Cross-stitch available here.

Last week the Washington Post published an article about how MLMs are hurting female friendships. MLM stands for multi-level-marketing, sometimes called pyramid schemes.

A few thoughts from the article:

According to a report by Jon M. Taylor of the Consumer Awareness Institute posted on the Federal Trade Commission’s website, less than 1 percent of MLM participants will profit, a far worse rate than for “legitimate small businesses,” of which 39 percent are profitable over the lifetime of the business. “MLM makes even gambling look like a safe bet in comparison,” the report states.

While the financial dangers of getting involved with an MLM are well-documented, the personal ones are harder to quantify but just as real. Namely: You could end up alienating every Facebook friend you ever had.

18.6 million Americans are involved in direct sales, and a staggering 74 percent are women.

These women are not setting out to annoy their friends. Many want and need flexible work options because of family or other responsibilities, but it’s challenging to find a standard job that fits within school hours or an unusual schedule, especially if you’ve been out of the workforce a few years to care for a child or relative. MLMs exploit many fault lines around women and the economy — women remain underpaid in the workplace and undervalued as stay-at-home mothers. MLMs promise instant success, camaraderie with other women in a “team” environment and a career identity, trappings that standard jobs typically require years to develop.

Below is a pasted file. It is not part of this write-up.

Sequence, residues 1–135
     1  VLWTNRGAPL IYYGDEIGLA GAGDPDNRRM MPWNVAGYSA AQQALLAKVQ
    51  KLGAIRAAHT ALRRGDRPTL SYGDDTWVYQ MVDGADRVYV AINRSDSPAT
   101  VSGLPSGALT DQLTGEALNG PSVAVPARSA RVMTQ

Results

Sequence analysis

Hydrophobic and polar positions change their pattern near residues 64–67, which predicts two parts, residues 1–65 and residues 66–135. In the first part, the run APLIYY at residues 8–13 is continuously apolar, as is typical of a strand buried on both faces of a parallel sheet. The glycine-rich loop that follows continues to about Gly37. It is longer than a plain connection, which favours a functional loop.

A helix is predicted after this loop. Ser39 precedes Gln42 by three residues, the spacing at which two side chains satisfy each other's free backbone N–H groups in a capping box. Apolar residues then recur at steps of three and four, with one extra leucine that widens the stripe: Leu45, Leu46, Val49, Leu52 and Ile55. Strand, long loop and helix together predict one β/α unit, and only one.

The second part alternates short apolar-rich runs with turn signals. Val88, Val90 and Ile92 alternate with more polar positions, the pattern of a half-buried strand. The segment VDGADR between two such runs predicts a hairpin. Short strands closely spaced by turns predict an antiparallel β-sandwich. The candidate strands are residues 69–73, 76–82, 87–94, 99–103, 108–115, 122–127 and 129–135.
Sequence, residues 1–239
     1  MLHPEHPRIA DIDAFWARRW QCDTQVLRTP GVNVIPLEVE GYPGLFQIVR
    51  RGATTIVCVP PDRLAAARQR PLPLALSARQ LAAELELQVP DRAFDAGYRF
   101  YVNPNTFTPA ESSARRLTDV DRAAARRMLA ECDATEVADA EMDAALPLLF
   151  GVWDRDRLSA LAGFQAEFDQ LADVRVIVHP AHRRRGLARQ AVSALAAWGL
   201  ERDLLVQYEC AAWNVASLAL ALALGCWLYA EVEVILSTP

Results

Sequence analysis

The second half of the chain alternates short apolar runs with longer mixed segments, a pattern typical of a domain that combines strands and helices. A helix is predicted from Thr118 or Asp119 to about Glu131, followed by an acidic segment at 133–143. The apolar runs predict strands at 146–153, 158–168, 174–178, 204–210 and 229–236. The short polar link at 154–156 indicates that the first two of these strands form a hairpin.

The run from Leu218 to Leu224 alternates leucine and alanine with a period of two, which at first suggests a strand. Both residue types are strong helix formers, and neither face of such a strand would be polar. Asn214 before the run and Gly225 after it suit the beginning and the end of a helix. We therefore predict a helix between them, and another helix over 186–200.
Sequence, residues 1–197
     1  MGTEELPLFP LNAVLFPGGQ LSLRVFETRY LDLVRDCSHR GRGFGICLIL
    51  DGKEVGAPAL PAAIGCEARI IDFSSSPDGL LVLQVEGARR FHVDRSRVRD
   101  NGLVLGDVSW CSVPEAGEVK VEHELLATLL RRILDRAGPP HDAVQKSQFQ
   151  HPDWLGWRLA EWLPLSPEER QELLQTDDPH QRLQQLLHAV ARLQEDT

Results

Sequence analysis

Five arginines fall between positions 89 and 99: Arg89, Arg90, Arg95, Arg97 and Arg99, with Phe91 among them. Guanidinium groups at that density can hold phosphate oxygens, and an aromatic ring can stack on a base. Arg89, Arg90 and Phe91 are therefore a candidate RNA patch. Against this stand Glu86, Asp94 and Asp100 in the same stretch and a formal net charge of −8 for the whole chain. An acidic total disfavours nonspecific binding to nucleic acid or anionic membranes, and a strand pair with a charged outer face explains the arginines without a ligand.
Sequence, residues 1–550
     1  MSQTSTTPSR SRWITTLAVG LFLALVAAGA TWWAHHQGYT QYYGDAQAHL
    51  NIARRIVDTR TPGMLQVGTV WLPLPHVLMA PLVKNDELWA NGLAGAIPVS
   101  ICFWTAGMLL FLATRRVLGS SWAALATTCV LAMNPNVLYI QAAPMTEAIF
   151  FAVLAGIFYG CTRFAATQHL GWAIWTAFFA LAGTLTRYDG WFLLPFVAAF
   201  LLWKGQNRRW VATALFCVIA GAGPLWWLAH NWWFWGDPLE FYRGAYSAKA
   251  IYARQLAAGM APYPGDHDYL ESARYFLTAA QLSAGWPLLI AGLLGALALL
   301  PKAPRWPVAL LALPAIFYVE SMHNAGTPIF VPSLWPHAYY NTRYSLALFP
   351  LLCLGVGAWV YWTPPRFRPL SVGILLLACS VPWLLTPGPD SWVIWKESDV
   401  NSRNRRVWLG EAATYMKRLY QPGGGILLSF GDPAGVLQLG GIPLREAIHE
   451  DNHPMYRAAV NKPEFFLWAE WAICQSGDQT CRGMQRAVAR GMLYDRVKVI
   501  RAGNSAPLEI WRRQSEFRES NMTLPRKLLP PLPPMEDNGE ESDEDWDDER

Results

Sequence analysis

My own experiences with MLMs:

– Growing up, my parents definitely gave me the impression I should steer clear of anything that had a whiff of downline, though I feel like they were also careful not to complain about MLMs or mock them. I assume they were careful because they knew people who were involved with MLMs.

– When I was a kid, my aunt and uncle sold Amway for awhile, but eventually stopped. I didn’t live near them, but remember hearing about it. When I was older I asked them about it and they said they had no regrets — they loved the encouragement and sales training they felt they received.

– One of our wedding gifts was a screwdriver set made by Amway (from one of my in-law’s friends, not my aunt & uncle). We still have it and use it.

– When I lived in Provo, going to BYU, I did freelance design work, and at one point designed an annual report for Usana, a Utah-based MLM that sells supplements.

– When Ralph was a baby, an acquaintance from our church congregation came over to pitch me and Ben Blair on Amway. We knew that’s why she was coming over, and we knew we weren’t interested, but we didn’t want to be rude, and figured she could practice on us.

– A ton of MLMs are based in Utah — and therefore automatically connected to the Mormon church and the Mormon population. I don’t really understand the history of that but it makes me sad and uncomfortable.